Bill 148 introduced a domestic or sexual violence leave provision. The OCC supports this policy, which gives employees the right to up to 10 days of individual leave and up to 15 weeks of leave if the employee or their child experiences domestic or sexual violence or the threat of such violence.
Maintain paid vacation expansion
The government will not be removing provisions that entitle employees to three weeks of paid vacation after five years with the same employer. The OCC accepts this provision, as many employers did not plan to reduce their employees’ vacation time regardless of legislative change.
Apprenticeship ratios set at 1:1
Ontario’s current journeyperson-to-apprenticeship ratios make it difficult for employers to fulfill high levels of demand for skilled tradespeople, as they struggle to recruit sufficient journeypersons to hire additional apprentices. This has resulted in young tradespeople struggling to work the hours necessary to complete their training, limiting the number of certified tradespeople produced each year. The government’s announcement to lower these ratios to 1:1 across all trades will make it easier for apprentices to become certified and for businesses to fill skills shortages and complete projects. This will be especially important for smaller urban and rural communities, where the pool of journeypersons is typically much smaller.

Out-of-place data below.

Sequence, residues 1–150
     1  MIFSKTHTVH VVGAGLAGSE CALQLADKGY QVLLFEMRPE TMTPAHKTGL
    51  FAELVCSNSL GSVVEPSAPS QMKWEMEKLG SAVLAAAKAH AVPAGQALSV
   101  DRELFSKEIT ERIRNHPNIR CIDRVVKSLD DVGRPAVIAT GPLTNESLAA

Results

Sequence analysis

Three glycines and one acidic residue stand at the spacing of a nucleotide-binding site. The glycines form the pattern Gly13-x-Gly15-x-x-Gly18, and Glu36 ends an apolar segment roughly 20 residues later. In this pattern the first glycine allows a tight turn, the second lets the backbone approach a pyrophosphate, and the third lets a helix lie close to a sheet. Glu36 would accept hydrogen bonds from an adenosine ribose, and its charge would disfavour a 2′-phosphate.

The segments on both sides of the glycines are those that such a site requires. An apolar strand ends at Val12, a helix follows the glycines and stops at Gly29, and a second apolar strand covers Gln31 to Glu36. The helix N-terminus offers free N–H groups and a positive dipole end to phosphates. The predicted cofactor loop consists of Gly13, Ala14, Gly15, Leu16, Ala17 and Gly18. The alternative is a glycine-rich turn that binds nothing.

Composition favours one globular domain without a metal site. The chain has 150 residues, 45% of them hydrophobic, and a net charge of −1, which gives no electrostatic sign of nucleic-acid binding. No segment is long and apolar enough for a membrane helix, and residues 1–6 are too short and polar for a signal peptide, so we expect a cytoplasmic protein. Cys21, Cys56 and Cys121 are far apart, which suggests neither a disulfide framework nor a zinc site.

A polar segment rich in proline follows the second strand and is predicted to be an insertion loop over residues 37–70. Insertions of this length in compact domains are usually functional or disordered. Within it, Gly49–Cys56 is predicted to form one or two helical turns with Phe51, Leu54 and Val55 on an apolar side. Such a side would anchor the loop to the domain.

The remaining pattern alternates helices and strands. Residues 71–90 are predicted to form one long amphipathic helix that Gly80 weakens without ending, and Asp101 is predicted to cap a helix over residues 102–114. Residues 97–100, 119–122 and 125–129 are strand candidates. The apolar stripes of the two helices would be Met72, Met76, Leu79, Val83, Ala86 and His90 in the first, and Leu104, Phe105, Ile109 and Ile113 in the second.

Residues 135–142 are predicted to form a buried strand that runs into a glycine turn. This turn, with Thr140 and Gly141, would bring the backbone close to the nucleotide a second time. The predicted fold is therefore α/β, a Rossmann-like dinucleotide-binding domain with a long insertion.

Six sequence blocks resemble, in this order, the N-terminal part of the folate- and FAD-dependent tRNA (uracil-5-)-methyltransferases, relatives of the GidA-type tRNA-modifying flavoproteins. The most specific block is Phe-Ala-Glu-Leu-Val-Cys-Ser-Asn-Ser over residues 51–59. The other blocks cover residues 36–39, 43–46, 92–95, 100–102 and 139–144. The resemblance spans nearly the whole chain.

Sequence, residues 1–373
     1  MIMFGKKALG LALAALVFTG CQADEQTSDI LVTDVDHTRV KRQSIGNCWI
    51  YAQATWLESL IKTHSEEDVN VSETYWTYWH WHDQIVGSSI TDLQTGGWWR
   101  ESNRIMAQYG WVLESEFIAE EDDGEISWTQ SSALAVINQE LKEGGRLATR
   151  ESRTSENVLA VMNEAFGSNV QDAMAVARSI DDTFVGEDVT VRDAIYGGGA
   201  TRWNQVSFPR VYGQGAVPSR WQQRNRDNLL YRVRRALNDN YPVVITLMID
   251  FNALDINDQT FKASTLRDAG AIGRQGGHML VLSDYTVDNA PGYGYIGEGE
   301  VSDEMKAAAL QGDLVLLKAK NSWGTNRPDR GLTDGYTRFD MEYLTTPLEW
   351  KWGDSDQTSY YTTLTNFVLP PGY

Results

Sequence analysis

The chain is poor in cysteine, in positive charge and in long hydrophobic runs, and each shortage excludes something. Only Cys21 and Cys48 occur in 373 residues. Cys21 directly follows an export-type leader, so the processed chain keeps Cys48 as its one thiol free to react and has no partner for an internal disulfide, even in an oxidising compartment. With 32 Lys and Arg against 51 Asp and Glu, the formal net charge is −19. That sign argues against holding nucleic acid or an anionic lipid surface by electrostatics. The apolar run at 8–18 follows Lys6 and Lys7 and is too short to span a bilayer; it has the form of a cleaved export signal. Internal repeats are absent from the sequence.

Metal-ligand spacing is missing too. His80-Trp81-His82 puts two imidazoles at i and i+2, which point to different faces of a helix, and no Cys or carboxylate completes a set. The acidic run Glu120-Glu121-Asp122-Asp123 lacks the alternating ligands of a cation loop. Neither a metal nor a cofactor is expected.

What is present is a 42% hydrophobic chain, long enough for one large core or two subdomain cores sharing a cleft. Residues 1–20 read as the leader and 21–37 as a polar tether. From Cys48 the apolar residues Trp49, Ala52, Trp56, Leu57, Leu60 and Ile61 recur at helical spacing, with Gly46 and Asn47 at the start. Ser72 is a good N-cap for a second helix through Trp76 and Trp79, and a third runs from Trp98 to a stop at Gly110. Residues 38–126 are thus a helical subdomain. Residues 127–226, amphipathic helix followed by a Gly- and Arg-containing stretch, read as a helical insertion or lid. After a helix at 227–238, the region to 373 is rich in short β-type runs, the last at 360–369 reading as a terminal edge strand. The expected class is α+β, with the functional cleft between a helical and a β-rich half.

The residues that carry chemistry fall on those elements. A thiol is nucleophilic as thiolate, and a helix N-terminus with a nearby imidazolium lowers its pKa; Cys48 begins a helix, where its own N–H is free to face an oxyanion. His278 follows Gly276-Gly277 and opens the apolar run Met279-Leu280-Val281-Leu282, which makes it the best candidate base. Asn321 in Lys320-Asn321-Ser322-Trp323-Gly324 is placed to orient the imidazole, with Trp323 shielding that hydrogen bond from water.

Dissolution of the Ontario College of Trades (OCOT)
Since its establishment in 2009, the OCOT has become overly focused on enforcement and regulation, limiting its ability to serve the public interest by attracting and training new tradespeople. The government has announced that it will be dissolving the OCOT and uploading its responsibilities to the Ministry of Labour, something that the OCC advocated for in our Blueprint Letters to Cabinet Ministers. Dissolving the College is an important first step in modernizing Ontario’s apprenticeship system and developing a stronger, more competitive workforce. The OCC is also in support of the government’s decision to place a moratorium on trades classification and re-classification, which will reduce hiring-related burdens and improve business competitiveness.
The OCC is encouraged by the labour market reforms announced today and looks forward to continuing to work with the Ontario government to support economic prosperity and business competitiveness across the province.